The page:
“The city serves as a microcosm to discuss issues tearing apart the fabric of our social landscape,” writes Jordan Baumgarten of his latest book Good Sick, which confronts the effects of the opioid crisis in his neighbourhood of his hometown, Philadelphia
When Jordan Baumgarten and his wife moved into the neighbourhood of Kensington in Philadelphia in 2013, they were shocked by what they saw – sex workers, dealers and drug use, all in plain view on the street, with almost no oversight from the police. Faced with these scenes daily on his doorstep, Baumgarten turned to his camera in an attempt to make sense of the area. “Photography forces an interaction and relationship with the world because it demands that you go to a certain place,” he says.
Kensington is “a nexus for those in and around the city seeking heroin and all that it entails. It co-exists alongside everyday life in the neighbourhood and its surrounding landscape,” Baumgarten explains. But he adds that while this work focuses on Philadelphia, it addresses a much larger issue: “The city serves as a microcosm to discuss issues tearing apart the fabric of our social landscape.”
Born in Philadelphia in 1983, Baumgarten stumbled across photography almost by accident after breaking his leg in 6th grade – keen to keep his son occupied, his father gave him a camera and the boy discovered a passion for photography. He went on to study at the University of Arts in Philadelphia from 2002 to 2006, and then in 2009, started his MFA in Photography at the Rhode Island School of Design in Providence.
Returning to his birthplace, Baumgarten spent five years working on Good Sick from 2012-2017, naming the project after the slang for the nausea felt after shooting heroin. “My personal work takes place in familiar surroundings,” Baumgarten tells BJP, “so I am constantly engaging with the same thing – I think this is key to really understanding a place.”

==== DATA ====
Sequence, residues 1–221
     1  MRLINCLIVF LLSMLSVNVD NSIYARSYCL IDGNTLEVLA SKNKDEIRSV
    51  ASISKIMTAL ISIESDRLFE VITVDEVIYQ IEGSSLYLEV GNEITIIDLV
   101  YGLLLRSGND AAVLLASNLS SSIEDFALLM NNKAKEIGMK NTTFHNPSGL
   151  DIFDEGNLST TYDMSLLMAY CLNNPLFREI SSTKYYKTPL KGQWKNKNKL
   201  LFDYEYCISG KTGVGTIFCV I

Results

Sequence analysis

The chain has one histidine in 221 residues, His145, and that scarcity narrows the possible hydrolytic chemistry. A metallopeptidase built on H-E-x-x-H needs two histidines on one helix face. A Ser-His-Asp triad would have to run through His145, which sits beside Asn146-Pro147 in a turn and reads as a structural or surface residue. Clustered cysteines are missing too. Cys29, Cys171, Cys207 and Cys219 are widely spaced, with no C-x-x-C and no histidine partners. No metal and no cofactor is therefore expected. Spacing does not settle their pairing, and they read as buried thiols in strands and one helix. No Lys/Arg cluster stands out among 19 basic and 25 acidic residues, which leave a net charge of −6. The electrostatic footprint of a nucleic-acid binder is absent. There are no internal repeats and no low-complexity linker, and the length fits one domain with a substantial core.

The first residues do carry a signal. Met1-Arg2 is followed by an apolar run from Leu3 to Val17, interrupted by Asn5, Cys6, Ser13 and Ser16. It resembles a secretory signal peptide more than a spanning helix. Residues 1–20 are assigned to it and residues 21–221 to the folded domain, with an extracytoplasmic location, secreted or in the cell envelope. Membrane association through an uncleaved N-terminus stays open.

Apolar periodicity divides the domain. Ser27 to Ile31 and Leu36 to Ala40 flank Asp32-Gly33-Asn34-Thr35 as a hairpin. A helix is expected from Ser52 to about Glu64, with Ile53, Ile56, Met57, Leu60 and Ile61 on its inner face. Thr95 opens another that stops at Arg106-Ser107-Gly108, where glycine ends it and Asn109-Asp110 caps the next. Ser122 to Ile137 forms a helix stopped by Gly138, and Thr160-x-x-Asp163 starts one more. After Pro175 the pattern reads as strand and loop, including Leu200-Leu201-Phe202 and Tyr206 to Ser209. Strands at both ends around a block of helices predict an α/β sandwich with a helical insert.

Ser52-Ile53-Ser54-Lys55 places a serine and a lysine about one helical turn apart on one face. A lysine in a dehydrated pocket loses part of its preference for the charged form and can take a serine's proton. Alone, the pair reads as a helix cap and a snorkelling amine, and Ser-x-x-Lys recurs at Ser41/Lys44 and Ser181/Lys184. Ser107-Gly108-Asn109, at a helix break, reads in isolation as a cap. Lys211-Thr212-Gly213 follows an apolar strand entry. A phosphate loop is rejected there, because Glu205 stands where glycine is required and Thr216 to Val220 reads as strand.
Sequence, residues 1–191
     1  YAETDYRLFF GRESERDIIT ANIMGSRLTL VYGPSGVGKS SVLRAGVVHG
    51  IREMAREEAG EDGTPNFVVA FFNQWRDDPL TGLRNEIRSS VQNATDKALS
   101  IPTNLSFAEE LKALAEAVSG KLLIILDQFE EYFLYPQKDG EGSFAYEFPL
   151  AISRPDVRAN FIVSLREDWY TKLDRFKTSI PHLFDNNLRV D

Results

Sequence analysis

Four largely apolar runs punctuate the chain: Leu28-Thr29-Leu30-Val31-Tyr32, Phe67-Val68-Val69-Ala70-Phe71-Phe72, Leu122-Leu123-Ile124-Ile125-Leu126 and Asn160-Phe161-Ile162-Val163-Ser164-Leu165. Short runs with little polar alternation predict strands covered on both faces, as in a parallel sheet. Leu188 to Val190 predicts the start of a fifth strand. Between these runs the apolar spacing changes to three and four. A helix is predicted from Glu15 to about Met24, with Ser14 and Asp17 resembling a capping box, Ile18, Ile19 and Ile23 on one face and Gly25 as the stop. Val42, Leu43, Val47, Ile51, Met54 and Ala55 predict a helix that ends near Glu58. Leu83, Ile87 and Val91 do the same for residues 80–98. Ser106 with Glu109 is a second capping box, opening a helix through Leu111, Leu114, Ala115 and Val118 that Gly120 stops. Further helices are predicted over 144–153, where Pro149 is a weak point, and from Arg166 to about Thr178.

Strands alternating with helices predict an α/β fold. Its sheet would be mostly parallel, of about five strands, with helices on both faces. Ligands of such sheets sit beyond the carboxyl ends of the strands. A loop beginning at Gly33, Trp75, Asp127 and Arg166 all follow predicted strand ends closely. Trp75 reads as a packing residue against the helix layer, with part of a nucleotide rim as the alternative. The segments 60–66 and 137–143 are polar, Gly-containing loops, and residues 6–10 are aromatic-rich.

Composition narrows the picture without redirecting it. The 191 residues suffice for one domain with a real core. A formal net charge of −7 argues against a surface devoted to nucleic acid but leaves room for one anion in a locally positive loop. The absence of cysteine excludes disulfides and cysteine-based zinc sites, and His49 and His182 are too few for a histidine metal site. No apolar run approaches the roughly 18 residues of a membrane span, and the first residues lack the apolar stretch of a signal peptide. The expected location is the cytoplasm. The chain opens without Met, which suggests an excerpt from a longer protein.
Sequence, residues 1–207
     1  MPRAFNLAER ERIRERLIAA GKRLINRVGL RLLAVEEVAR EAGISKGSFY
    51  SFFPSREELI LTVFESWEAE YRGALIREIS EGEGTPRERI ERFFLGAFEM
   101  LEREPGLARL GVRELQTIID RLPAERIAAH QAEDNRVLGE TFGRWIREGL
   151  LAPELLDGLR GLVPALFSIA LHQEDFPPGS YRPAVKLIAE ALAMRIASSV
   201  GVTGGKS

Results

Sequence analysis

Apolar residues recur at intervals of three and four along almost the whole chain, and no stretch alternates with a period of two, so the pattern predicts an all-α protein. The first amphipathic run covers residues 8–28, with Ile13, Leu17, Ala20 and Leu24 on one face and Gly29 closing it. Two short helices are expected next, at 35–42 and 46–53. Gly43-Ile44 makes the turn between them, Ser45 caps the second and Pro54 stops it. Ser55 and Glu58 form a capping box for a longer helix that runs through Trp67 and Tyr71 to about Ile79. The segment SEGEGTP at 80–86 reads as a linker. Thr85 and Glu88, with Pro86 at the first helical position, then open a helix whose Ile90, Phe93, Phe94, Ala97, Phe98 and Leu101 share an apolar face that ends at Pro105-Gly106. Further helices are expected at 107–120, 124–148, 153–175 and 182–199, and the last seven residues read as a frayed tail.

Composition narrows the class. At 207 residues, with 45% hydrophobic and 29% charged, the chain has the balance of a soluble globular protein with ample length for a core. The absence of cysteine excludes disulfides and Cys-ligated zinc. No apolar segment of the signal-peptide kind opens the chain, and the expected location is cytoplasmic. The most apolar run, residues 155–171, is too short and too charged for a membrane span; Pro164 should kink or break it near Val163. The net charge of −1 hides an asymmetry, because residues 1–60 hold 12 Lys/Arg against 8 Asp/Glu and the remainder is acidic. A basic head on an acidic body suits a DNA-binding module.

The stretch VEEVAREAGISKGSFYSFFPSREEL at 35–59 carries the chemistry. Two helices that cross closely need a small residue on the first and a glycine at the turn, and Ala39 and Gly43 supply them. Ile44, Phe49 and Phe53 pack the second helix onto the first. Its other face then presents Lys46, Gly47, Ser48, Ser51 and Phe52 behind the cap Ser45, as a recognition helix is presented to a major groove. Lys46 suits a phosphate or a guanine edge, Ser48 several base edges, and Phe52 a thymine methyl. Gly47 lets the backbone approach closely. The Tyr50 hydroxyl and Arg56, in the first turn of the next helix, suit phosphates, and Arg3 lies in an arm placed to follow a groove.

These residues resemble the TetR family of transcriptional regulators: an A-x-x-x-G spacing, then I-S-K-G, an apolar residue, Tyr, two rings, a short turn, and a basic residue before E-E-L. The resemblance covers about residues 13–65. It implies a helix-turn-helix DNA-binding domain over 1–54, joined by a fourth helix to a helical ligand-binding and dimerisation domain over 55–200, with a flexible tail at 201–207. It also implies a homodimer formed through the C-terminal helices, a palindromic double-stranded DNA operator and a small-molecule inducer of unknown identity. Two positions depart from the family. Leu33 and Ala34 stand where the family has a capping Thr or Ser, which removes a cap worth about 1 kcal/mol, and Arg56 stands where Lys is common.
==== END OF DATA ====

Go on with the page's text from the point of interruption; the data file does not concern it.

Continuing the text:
Baumgarten’s relationship with Philadelphia is deep and complex, and sometimes ambivalent. “It’s here I was born, went to college, and where I met and married my wife,” he says – but he’s also nearly been killed in Philadelphia, and witnessed terrible tragedy. “Experience, and this complicated relationship to place, is the cornerstone of my work and the driving force in my life,” he writes in the book.
Baumgarten took the same walk over and over again with his camera while making Good Sick, And it was during one of the walks that he shot one of the most difficult images in the book – a photograph of a naked, pregnant prostitute standing in a field, crouched over slightly as she bends down to get dressed.
He paid the woman for the image, but says he still finds the shot difficult. “I’m constantly torn between regretting taking it, but also deeply grateful that I did make it,” he says. “The main challenge is finding that balance between the story I want to tell and being respectful to the people I’m photographing.
“There is a fine line between telling the story I want to tell and acknowledging that I’m borrowing other’s truths to tell that story. It’s very hard to find that balance. When I’m photographing, I think, when is it time to be a human; when is it time to be a photographer?”
His images occupy the hazy space between documentary and art, but Baumgarten says he wants viewers to walk away from his work with an understanding about the feeling of the place. “The photographs in this book depict chaos; nature encroaching on urban decay; an ambiguity between magic and darkness; private moments which are public; animals and humans roam free – fuelled by id, and always, somewhere, there is a fire burning,” he writes in the book.
And although the book is now complete, Baumgarten says this is a project that will never truly be over for him. Making it has merely raised new questions for him, and new avenues for enquiry – for example, how the opioid crisis co-exists alongside the current housing boom and gentrification in Philadelphia.
Good Sick is Baumgarten’s second book; the first was Briar Patch (2013), which explores his relationship to Philadelphia and to his beloved wife, Anne. “My mind tends to work in book form,” he says. “It’s the ultimate expression for my work.”